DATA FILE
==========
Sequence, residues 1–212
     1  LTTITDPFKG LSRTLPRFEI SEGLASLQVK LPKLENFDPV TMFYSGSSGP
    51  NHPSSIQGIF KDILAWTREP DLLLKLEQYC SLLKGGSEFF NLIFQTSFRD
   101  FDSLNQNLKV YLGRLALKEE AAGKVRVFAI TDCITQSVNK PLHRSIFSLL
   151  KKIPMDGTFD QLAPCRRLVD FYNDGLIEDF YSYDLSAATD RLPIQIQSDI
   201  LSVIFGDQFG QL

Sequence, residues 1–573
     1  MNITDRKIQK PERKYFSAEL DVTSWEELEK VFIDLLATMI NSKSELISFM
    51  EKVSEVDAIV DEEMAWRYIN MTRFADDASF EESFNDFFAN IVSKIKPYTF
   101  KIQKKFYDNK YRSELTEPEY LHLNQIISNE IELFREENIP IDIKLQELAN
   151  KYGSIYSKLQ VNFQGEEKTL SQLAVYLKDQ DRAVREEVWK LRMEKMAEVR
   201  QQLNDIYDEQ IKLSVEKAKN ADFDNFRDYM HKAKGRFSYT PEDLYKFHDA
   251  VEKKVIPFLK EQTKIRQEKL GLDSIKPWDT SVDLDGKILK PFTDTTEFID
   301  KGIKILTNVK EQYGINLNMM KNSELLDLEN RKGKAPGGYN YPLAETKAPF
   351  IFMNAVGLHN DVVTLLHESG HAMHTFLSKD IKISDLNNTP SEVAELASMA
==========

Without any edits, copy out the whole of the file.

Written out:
Sequence, residues 1–212
     1  LTTITDPFKG LSRTLPRFEI SEGLASLQVK LPKLENFDPV TMFYSGSSGP
    51  NHPSSIQGIF KDILAWTREP DLLLKLEQYC SLLKGGSEFF NLIFQTSFRD
   101  FDSLNQNLKV YLGRLALKEE AAGKVRVFAI TDCITQSVNK PLHRSIFSLL
   151  KKIPMDGTFD QLAPCRRLVD FYNDGLIEDF YSYDLSAATD RLPIQIQSDI
   201  LSVIFGDQFG QL

Sequence, residues 1–573
     1  MNITDRKIQK PERKYFSAEL DVTSWEELEK VFIDLLATMI NSKSELISFM
    51  EKVSEVDAIV DEEMAWRYIN MTRFADDASF EESFNDFFAN IVSKIKPYTF
   101  KIQKKFYDNK YRSELTEPEY LHLNQIISNE IELFREENIP IDIKLQELAN
   151  KYGSIYSKLQ VNFQGEEKTL SQLAVYLKDQ DRAVREEVWK LRMEKMAEVR
   201  QQLNDIYDEQ IKLSVEKAKN ADFDNFRDYM HKAKGRFSYT PEDLYKFHDA
   251  VEKKVIPFLK EQTKIRQEKL GLDSIKPWDT SVDLDGKILK PFTDTTEFID
   301  KGIKILTNVK EQYGINLNMM KNSELLDLEN RKGKAPGGYN YPLAETKAPF
   351  IFMNAVGLHN DVVTLLHESG HAMHTFLSKD IKISDLNNTP SEVAELASMA